Friday, May 22, 2015

Changes to the Texas Medical Power of Attorney Form

Texas has adopted a new pre-approved form for its Medical Power of Attorney, a/k/a the power of attorney for your financial affairs. All forms signed after January 1, 2014, must substantially comply with the new statute in order to be effective.

Luckily, the new form – still located at Section 166.164 of the Texas Health and Safety Code – is substantially similar to the previous versions of this form. And any Medical Power of Attorney form executed before December 31, 2013, will not require a revision in order to remain effective, so long as it complied with the law in effect at the time it was signed.

The primary change in the new Texas Medical Power of Attorney Form relates to its execution. Now, you can sign the form in front of a notary without the need for any witnesses. Alternatively, you can sign the form in front of two witnesses if a notary is unavailable. Section 166.163 of the Texas Health and Safety Code describes the types of persons who may act as witness to a Medical Power of Attorney.

By: Cynthia W. Veidt,

Friday, May 1, 2015

Changes to the “Self Proving” Affidavit for a Texas Will

Texas has now fully adopted the Texas Estates Code, effective January 1, 2014. This “new” set of statutes is a recodification of the former Texas Probate Code, Texas Trust Act, and a number of related statutes contained in the Texas Health & Safety Code and other statutes.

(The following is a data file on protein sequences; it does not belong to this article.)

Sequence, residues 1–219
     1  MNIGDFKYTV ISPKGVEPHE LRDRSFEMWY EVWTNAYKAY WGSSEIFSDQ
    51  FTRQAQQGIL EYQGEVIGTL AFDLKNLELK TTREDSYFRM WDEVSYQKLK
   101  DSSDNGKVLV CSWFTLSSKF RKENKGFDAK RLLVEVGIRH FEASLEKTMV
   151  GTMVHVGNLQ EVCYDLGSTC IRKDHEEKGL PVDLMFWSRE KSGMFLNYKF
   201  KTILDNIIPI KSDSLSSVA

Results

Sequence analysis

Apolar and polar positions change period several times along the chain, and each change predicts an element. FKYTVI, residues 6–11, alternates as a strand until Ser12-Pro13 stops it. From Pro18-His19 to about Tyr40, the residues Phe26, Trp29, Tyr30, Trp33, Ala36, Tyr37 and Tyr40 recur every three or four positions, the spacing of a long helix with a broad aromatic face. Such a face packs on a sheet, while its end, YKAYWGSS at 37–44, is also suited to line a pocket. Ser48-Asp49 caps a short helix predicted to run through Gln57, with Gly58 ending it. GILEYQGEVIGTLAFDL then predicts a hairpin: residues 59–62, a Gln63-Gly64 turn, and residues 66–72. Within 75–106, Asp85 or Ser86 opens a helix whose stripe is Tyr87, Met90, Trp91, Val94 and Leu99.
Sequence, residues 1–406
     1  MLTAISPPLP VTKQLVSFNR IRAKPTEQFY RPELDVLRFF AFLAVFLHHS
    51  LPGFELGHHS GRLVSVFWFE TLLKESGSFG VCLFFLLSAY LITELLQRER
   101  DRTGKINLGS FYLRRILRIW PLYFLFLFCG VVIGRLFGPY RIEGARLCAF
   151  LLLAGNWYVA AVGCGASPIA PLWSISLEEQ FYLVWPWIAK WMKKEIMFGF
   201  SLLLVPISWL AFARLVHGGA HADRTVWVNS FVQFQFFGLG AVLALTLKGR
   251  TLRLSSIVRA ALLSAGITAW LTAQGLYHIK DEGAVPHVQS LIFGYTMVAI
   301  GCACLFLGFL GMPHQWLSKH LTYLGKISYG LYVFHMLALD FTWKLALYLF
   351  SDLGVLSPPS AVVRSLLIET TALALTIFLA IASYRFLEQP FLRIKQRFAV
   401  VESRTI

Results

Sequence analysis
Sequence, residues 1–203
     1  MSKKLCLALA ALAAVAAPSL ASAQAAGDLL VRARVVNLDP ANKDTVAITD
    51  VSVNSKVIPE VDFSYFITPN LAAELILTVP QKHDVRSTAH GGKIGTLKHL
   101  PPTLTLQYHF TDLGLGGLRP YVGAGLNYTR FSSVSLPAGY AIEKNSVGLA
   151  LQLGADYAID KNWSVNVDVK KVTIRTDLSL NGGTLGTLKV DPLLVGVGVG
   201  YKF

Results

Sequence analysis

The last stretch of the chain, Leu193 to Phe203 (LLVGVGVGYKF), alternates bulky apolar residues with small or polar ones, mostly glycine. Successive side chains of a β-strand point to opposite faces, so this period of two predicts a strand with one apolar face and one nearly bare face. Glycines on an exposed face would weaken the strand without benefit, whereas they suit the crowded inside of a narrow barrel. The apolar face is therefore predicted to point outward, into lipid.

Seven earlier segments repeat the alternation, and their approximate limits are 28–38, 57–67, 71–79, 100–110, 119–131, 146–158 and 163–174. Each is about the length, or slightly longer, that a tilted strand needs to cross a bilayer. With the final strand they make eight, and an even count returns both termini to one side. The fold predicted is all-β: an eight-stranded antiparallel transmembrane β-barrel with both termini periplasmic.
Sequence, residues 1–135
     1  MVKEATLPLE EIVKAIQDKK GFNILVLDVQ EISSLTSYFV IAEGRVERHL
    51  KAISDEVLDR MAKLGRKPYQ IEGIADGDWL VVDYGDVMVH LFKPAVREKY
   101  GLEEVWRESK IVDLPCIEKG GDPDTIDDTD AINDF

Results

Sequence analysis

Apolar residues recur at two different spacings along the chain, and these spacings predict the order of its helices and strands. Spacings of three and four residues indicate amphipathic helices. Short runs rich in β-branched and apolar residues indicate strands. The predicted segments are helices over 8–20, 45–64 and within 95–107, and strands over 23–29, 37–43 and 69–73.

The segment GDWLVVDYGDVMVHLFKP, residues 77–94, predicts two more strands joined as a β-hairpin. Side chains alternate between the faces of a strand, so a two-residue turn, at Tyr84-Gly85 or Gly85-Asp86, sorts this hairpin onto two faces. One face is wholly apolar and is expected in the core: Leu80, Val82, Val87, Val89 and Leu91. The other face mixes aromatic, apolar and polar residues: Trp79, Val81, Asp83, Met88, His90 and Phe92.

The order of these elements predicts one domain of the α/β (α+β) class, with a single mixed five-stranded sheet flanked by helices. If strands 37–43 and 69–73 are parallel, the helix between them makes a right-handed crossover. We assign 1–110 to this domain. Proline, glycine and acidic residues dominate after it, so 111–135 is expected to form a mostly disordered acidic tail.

One of the most important changes involves the “execution ceremony” for a person’s last will and testament.  Previously, at least one witness was required to appear in court, usually in person, to “prove up” the authenticity of your will after your death, unless you (as testator) and the witnesses to your will also signed a separate attachment called a “self proving affidavit” before a notary public.

This process led to some confusion, because the testator and the witnesses had to sign the will in multiple places, and an “overlooked signature” would cause procedural problems for your executor.

Now, Section 251.1045 of the Texas Estates Code contains a combination “attestation and self-proving” clause, so that the testator and witnesses need only sign a Texas will in one location.  In order to be effective, the language in the will must be in “substantial compliance” with the specific language set out in this statute. We recommend copying this clause exactly in order to avoid any potential complications. 

Also, this single signature option is only effective for wills executed on or after January 1, 2014; please check your current will to make sure that it fully complies with the previous statutes concerning “self proving” language and signatures.

Because the language of your will – particularly the failure to include certain language – can affect the type of probate proceedings required to administer your estate in Texas, we strongly recommend that you contact an attorney well-versed in Texas estate planning and probate law to assist you in preparing your last will and other estate planning documents. Self-prepared wills or wills created with multi-state software programs often fail to take full advantage of Texas statutes that can help reduce the amount of cost and time required to finalize your financial affairs once you have passed away. 

By: Cynthia W. Veidt,